As trainers and teachers of marketers over the past nearly twenty years, we have been part of and observed a range of marketing training curricula. And we have consistently urged our clients to keep the training going day in and day out by implementing the practices that marketers are learning. With some clients we have been able to conduct our Coach’s Clinic for senior management—an overview of the marketing processes, tools, and nomenclature that everyone in the organization should be using (not just in the annual, brand strategy and operating plans, but also in everyday work). With some clients we have been able to facilitate a marketing best practices implementation program; with others we have also been successful at “brokering” certain phases of the creative development process between the client and the communication agency. But, sad to say, all too many of our clients leave the implementation of their training outcomes to the personal leadership and influence of the individual. At best, then, “best marketing practices” implementation becomes hit or miss.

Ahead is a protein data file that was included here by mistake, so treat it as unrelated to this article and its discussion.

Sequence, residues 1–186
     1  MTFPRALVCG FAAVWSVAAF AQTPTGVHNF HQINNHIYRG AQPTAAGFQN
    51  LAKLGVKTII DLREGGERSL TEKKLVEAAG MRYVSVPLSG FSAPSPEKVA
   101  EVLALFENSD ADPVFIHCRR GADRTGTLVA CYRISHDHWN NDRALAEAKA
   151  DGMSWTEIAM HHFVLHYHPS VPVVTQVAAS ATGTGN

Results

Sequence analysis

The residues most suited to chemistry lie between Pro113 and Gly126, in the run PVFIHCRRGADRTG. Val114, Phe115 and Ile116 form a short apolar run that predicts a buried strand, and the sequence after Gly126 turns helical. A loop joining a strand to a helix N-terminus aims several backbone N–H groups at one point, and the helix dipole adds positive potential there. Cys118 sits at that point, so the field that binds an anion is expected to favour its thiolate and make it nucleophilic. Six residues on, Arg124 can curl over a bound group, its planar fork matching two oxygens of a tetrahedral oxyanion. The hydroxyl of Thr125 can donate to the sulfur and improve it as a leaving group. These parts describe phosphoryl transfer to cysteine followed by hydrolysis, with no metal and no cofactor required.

But there is some hope on the horizon. Lately, we have found a handful of clients who are taking a significantly different view of marketing training. In fact, while it seems at first merely symbolic, these clients have done away with the “t-word.” Quite consciously, they no longer refer to their marketing best practices learning and implementation as “training”…because the word “training” carries with it an outdated perception—it’s something that only happens in a classroom or at an offsite hotel. This is a little like what has happened in the soft drink world over the past few years: Coke and Pepsi have both recognized that the word “diet” is old, out-of-date, even “out-of-lifestyle” today—besides, everyone knows that real men don’t diet. So they consciously dropped the “d-word” as they launched new extensions (Coke Light outside the US, Coke zero, and Pepsi Max, for example).


Dropping the “t-word,” though is only the beginning, a way to set expectations. Of more substance are the following kinds of requirements that these few clients demand of their new approach to marketing training: